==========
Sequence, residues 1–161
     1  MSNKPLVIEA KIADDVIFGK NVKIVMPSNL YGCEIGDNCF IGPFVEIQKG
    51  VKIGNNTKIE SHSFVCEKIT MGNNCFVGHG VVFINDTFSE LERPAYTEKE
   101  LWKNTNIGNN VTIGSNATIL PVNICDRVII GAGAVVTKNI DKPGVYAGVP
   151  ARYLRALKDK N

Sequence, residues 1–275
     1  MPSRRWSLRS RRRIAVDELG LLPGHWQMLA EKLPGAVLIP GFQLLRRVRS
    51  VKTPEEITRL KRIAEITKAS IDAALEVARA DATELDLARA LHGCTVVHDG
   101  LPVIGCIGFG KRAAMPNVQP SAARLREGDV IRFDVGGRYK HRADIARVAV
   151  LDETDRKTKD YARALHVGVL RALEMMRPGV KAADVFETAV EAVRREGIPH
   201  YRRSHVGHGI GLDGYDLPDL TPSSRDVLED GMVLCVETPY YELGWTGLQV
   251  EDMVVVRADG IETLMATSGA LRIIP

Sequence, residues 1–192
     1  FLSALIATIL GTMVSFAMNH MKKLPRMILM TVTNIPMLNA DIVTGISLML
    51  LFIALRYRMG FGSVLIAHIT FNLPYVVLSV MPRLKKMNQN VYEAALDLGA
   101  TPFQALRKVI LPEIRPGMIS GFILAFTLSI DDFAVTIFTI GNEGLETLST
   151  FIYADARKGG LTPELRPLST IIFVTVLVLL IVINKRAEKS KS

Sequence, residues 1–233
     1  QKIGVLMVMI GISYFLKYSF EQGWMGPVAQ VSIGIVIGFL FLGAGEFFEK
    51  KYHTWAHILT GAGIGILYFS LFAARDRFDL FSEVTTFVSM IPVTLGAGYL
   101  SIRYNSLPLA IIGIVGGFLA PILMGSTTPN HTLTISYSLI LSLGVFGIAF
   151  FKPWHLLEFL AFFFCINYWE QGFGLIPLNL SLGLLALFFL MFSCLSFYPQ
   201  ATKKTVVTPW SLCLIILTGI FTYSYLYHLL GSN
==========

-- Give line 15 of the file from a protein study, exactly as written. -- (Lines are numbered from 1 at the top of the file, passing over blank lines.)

    51  LFIALRYRMG FGSVLIAHIT FNLPYVVLSV MPRLKKMNQN VYEAALDLGA